SA losing US$62 billion a year due to illicit financial flows

Published: 12 September 2023
South Africa is losing more than US$62 billion a year because of illicit financial flows (IFFs), which could be used to fund the building of schools, hospitals and safer roads.

This was highlighted at a conference on increased illegal trading in automotive components, at the Automechanika even in Johannesburg.

Tyre Import Association of South Africa (Tiasa) chairperson and MD of Treadzone Charl de Villiers said a pilot study by the United Nations Convention on Trade and Development (Unctad) focused on measuring tax and commercial IFFs, revealed that South Africa is losing out on US$21,9 billion per year in inward flows and US$40,9 billion in outward flows.

These inward flows are being lost because of misdeclarations (either on purpose or by mistake), undervaluation of invoices, tax evasion, round tripping and many other things, De Villiers told a conference hosted by the Tyre, Equipment, Parts Association (Tepa) at Automechanika last week.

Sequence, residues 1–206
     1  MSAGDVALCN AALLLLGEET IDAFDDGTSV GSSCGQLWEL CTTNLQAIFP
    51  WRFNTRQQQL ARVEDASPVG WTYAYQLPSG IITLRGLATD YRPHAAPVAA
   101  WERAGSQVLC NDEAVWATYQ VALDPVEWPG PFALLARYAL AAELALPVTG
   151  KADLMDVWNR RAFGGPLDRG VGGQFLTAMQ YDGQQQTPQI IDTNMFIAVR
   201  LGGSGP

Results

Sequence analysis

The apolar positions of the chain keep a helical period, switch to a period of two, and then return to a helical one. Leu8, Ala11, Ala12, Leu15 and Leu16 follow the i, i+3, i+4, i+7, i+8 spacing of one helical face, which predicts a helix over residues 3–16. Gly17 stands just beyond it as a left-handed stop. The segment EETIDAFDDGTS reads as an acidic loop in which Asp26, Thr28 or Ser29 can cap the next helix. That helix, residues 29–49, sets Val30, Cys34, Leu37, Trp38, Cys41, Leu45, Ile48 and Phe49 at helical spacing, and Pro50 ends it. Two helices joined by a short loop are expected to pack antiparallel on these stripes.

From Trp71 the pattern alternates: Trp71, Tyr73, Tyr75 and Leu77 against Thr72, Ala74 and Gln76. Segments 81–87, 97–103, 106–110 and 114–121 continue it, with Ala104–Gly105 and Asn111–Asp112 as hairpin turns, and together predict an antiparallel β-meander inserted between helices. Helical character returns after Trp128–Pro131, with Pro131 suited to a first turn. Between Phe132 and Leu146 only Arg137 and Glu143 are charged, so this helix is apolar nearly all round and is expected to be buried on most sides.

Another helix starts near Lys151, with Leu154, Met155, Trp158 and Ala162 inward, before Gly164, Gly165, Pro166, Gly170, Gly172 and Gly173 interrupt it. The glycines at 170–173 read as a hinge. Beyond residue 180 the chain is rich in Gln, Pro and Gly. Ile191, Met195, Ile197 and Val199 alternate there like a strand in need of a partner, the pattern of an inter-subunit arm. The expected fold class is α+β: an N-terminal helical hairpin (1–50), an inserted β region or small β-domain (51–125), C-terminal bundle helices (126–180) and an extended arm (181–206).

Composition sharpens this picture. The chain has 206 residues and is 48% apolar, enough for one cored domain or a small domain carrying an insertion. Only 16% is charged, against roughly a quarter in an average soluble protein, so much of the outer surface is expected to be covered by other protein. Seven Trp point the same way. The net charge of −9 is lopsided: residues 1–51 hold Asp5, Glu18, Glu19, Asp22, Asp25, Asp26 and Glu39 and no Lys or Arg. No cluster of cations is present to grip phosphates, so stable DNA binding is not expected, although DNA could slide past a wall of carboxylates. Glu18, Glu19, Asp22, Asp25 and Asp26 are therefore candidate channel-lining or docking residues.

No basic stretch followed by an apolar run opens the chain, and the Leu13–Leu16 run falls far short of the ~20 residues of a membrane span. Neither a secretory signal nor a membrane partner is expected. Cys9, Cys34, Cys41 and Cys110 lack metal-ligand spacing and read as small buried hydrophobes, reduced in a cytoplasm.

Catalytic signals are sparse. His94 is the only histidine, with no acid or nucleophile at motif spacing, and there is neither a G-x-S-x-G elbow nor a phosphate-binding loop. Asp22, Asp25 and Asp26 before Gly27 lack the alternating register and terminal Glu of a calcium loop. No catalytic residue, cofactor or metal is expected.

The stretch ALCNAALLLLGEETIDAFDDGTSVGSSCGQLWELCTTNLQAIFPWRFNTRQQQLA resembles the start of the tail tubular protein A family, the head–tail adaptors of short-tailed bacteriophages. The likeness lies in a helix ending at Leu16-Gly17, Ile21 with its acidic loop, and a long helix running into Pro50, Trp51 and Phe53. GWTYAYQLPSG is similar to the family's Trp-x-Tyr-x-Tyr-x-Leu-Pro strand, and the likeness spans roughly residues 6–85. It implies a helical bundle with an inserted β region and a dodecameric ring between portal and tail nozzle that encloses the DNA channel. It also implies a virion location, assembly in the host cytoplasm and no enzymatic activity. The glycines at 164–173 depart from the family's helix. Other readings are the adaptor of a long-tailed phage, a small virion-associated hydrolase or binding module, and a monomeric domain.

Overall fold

De Villiers said the majority of outward flows that are being missed involve the minerals sector, with "the mining guys playing games with the values they export".

He said misdeclarations in the tyre sector involve people selecting non-tax tyre codes and importing tyres as rice or wheelchair tyres, which do not attract duties.

De Villiers referred to an example of tyres being imported via Namibia as wheelchair tyres when in fact they were ultra-high-performance tyres.

He said Tiasa is part of a SA Revenue Service (Sars) forum where they share information and knowledge, but highlighted that Sars "don't understand the data that they see" and do not know what the different tyre sizes mean.

"So zero tax is being paid, and they are also not paying the R2,30 (recycling) levy," he said.

SA Tyre Manufacturing Conference (Satmc) managing executive Nduduzo Chala echoed this point by highlighting two major risks — South Africa's port operations, and the misdeclarations that take place at the ports, and the lack of understanding of the tyre industry.
- online
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